When we watch movies one of the common titles we see are “a film by ______,” or “a ________ film” with that same name almost always popping up in the “directed by” title. As a result we tend to think of those people as the sole filmmaker of the movie. After my first few projects I would hear my cast and crew mention that I made a great video/film. I never heard them say we made something great. That always bothered me. As far as production/time spent on the projects I was the busiest, and it was my story, but if it wasn’t for hard work that the actors and crew put into the project, my stories would never come to life.
My first project was such a dream come true because I saw my name on the screen. And my name continued to pop up as I was doing 90% of the work on the project. At first I was proud, but then when I would show the film to other people I began to feel uncomfortable seeing my name all over the opening and closing credits. I wanted to share the bragging rights with more and more people. So, as more people became involved with my projects the less my name showed up and it felt great! I always hoped the whole crew would love to see their names on a movie.
However, I realized that it wasn’t enough if they did not feel like they really did anything for the production. It became really apparent when only the cast, aside from the audience, showed up to the premiere of my second short film. Ever since then I began to make it a point to tell everyone that we are not making my movie; we are making our movie. I realized that they were only waiting on doing what I told them to do because I was too focused on getting film in the can instead of opening up for creative input. Shame on me, and were it a large production I’m sure everything would’ve fallen apart even before the first frame was filmed. Now I include everyone into the creative process. I love to discuss and problem solve with everyone. It makes the whole project that much more personal for everyone.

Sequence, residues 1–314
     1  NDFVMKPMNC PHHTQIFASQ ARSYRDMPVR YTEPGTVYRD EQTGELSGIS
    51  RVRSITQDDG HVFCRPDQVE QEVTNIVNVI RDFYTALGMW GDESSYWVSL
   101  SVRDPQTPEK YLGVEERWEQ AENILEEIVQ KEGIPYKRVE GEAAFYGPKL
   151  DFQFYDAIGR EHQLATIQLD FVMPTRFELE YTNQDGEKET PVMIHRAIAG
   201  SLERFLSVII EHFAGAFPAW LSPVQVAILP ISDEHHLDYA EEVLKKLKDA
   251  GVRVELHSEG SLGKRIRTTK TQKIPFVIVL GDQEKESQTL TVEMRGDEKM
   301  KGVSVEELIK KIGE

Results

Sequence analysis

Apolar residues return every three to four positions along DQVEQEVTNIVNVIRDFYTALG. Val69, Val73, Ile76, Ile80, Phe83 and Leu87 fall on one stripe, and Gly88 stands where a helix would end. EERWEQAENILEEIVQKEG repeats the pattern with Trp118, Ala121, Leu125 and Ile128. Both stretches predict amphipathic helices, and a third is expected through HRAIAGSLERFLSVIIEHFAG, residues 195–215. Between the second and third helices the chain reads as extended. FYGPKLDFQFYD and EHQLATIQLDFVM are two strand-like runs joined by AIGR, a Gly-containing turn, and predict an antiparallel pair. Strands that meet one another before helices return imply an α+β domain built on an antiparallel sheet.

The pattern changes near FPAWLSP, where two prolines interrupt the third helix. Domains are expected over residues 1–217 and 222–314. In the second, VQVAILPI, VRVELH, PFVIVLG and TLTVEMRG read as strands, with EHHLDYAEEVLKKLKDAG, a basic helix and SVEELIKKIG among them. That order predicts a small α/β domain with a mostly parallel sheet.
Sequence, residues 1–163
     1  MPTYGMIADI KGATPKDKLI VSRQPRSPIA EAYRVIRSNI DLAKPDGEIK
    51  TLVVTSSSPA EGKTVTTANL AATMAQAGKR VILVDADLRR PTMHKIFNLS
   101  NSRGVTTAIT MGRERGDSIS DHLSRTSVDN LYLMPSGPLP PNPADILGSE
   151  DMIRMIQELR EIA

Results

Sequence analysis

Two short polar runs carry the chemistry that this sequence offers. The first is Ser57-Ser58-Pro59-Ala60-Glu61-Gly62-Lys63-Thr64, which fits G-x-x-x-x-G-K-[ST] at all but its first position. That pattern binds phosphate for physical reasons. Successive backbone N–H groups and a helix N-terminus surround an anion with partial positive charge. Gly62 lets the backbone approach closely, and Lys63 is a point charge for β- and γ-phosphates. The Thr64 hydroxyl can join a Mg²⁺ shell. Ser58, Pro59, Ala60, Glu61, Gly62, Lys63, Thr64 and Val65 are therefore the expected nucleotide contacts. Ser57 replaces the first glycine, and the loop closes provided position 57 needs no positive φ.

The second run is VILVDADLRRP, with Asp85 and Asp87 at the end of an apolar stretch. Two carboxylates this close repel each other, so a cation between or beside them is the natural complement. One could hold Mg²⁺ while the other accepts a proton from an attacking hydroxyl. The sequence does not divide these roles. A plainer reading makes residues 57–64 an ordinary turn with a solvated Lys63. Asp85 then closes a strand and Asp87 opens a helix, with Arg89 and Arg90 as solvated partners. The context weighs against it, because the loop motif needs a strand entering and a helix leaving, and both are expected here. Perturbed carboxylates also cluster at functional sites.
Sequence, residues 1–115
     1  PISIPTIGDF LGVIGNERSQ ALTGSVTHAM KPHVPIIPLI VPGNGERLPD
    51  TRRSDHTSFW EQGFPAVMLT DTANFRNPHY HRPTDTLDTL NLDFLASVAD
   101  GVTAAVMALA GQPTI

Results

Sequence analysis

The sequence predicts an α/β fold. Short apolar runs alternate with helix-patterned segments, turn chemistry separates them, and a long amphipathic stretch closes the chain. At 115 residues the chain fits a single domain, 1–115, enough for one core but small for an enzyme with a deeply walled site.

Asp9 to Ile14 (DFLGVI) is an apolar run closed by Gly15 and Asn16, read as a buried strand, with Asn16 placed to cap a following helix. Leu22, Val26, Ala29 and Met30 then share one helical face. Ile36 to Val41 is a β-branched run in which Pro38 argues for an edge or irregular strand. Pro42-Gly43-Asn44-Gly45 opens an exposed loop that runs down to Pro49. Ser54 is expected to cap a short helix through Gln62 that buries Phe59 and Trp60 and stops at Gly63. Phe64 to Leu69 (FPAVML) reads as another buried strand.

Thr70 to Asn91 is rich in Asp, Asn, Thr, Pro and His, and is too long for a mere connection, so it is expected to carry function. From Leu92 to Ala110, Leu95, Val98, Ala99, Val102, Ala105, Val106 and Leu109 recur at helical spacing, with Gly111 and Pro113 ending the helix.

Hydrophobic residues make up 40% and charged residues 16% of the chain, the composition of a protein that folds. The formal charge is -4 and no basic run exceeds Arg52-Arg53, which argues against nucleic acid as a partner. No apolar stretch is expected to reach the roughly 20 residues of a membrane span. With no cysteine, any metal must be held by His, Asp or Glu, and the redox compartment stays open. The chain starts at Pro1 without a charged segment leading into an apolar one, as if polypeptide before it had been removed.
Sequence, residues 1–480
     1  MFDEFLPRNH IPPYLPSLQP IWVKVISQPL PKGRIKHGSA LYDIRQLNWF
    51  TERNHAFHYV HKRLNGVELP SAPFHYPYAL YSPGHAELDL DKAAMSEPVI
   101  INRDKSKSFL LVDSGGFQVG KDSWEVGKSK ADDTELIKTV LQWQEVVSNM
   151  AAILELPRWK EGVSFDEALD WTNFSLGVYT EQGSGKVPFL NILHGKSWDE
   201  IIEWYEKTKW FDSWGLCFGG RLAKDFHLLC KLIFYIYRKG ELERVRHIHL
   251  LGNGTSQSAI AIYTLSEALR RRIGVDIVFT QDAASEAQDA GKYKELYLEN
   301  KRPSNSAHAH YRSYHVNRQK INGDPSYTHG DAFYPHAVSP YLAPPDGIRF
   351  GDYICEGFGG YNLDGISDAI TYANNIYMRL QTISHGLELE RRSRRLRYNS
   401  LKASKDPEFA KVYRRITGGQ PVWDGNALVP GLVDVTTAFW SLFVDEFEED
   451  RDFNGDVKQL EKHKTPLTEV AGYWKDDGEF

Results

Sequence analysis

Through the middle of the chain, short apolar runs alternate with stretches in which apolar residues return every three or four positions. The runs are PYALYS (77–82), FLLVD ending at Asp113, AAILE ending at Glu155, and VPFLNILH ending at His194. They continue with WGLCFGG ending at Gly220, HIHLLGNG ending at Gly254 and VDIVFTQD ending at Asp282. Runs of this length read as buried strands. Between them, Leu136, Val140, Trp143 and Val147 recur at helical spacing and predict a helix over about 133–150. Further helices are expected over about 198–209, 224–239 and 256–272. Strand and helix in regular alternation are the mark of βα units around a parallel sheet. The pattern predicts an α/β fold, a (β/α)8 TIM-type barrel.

As the director I am in charge of conducting the orchestra of actors and crew members to create the symphony. Yet unlike music which can be played by different muscians at any given time, a film is created by a carefully selected group of individuals who all specialize in skills that bring the whole film together. I want every person who works with me to feel pride when they see their name on an Allen Smithee, Jr. film. I know that I feel pride seeing all of their names, and knowing that they worked hard and gave me their absolute best. To the cast and crew–the unsung heroes.